Study suggests smart assistant design improvements for deaf usersPosted on January 14, 2021
by Jessica Hallman; originally published on Penn State News
UNIVERSITY PARK, Pa. — Despite the inherent challenges that voice-interaction may create, researchers at the Penn State College of Information Sciences and Technology recently found that deaf and hard-of-hearing users regularly use smart assistants like Amazon’s Alexa and Apple’s Siri in homes, workplaces and mobile devices.
The work highlights a clear need for more inclusive design, and presents an opportunity for deaf and hard-of-hearing users to have a more active role in the research and development of new systems, according to Johnna Blair, an IST doctoral student and member of the research team.
“As smart assistants become more common, are preloaded on every smartphone, and continue to provide benefits to the user beyond just the ease of voice activation, it’s important to understand how deaf and hard-of-hearing users have made smart assistants work for them and the realistic challenges they continue to face,” said Blair.
In their study, Blair and Saeed Abdullah, assistant professor of information sciences and technology, conducted in-depth interviews with deaf users of smart assistants and collected survey data from individuals with mild to profound hearing loss.
They found that users from these populations — even those with profound deafness — used smart assistants to accomplish daily tasks, such as checking the weather, setting reminders and initiating GPS directions. They also identified common challenges these users face in their interactions with smart assistants, such as the default higher-pitched female voices used on many smart assistants being incompatible with hearing aids, and difficulty of use in public places with background noise that competes for their attention, such as nearby conversations or the average commotion in a grocery store.
“When we started working on this specific research problem, I initially had no idea how individuals with hearing loss would potentially use these smart assistants given they were relying mostly on audio and voice interactions,” said Abdullah. “So, it is really interesting to see how different people have quite different ways of engaging with smart assistants.”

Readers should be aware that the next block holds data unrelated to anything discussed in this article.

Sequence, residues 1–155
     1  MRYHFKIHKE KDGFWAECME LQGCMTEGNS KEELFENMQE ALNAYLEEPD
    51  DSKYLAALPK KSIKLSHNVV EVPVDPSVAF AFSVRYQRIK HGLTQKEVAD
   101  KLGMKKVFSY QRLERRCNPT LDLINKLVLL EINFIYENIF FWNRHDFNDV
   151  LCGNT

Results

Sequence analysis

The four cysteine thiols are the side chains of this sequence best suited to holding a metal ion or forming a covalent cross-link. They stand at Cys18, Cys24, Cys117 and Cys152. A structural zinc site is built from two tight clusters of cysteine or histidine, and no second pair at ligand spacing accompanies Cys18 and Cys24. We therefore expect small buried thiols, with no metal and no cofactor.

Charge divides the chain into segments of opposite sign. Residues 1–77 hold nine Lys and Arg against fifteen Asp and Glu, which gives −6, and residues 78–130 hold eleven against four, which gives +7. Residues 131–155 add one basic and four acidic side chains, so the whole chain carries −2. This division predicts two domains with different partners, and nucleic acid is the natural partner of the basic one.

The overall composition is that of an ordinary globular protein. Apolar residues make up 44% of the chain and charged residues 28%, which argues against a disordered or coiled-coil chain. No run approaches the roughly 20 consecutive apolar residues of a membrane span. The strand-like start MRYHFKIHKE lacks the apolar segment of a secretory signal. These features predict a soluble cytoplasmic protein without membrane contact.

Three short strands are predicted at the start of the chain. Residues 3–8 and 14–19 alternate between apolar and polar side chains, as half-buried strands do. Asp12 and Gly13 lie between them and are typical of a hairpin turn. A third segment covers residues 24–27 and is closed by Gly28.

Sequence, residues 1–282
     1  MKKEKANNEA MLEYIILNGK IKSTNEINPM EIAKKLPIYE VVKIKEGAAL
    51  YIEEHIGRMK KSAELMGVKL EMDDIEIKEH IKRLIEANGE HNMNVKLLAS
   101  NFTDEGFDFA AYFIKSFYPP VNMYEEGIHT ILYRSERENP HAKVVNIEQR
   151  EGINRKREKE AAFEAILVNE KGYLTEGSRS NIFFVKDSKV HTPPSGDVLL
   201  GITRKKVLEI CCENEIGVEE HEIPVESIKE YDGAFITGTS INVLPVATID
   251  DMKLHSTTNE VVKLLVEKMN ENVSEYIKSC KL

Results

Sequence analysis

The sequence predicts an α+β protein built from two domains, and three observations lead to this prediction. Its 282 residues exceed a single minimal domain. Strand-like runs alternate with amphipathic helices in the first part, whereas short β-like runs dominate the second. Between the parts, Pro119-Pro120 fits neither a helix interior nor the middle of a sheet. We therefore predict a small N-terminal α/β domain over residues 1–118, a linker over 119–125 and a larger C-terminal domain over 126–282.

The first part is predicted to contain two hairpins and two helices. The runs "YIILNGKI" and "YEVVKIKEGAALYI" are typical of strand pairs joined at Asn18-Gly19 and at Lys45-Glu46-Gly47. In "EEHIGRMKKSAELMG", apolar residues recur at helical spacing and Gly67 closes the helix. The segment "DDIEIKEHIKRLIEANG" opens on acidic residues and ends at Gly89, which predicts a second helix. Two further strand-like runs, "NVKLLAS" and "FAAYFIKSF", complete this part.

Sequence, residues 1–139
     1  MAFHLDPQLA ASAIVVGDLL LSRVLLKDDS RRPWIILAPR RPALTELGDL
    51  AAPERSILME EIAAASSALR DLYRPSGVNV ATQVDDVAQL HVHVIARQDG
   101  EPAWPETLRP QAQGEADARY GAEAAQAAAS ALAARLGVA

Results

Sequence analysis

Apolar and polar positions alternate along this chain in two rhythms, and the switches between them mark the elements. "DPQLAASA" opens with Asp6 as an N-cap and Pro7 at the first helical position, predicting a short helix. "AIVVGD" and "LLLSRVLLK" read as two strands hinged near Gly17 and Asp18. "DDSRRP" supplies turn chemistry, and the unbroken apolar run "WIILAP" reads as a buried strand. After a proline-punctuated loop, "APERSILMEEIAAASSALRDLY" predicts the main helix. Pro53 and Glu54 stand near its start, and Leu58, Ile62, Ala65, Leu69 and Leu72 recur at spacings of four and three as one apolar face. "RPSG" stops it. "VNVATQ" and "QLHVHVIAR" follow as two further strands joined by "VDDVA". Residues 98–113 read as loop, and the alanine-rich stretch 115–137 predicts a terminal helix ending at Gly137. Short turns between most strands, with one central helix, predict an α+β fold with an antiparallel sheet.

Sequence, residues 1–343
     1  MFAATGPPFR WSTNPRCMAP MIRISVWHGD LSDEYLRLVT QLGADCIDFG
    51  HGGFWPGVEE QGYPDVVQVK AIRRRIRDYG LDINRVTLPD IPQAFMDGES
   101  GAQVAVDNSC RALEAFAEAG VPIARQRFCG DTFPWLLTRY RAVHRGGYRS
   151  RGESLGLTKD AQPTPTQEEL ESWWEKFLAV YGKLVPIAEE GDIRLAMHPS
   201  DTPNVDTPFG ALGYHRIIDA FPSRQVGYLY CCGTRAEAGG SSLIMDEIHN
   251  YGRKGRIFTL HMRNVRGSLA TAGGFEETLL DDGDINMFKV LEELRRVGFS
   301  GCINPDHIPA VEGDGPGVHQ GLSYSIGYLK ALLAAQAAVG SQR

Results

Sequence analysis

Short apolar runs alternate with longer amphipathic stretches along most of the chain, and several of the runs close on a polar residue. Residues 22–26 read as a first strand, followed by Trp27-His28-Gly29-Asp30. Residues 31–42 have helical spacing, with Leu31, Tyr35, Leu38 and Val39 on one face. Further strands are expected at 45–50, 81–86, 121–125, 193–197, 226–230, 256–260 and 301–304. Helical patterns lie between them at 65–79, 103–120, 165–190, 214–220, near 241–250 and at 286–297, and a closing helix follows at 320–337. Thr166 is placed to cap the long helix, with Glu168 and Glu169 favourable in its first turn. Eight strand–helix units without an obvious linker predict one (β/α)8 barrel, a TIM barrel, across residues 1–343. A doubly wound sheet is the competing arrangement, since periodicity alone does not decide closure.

Added Blair, “By empathizing with these users, we want to highlight new design features that can make smart assistants more accessible to hearing needs.”
Using smart assistants with all these constraints — in a quiet home, facing the device and dropping all other tasks — hinders the naturalistic, “imbedded in daily life” experience that people specifically seek from smart assistants. Therefore, the researchers suggest future design features that could better accommodate hearing needs, such as customizable voice characteristics; tangible information about common commands and error codes; and improved visual feedback, including more intuitive light patterns on devices or screen-based feedback.
“Hearing loss is not a straight line. There is a lot of fluctuation in both directions — hearing loss can worsen as people age, but hearing aids can also improve over time — so devices need to be able to evolve with the user right in step with these changes,” said Blair.
The researchers suggest recalibrating smart assistant voices through a means similar to how hearing devices are recalibrated by audiologists — to map out the ideal pitch range for individual users.
“With improvements, many saw promise in this type of technology to address other accessibility concerns in their daily lives, such as providing assistance in large work meetings or helping them fill in communication gaps when talking to others in loud public spaces,” said Blair.
She concluded, “Better accommodating the needs of hard-of-hearing users could also provide new opportunities for use, such as speech therapy, and speak to the needs of the wider population as they change over time. Making smart assistants more flexible and customizable for one group of users can help improve accessibility for all.”
The work was published in the December 2020 proceedings of the ACM on Interactive, Mobile, Wearable and Ubiquitous Technologies (IMWUT). The Tronzo Medical Informatics Endowment partially funded the research.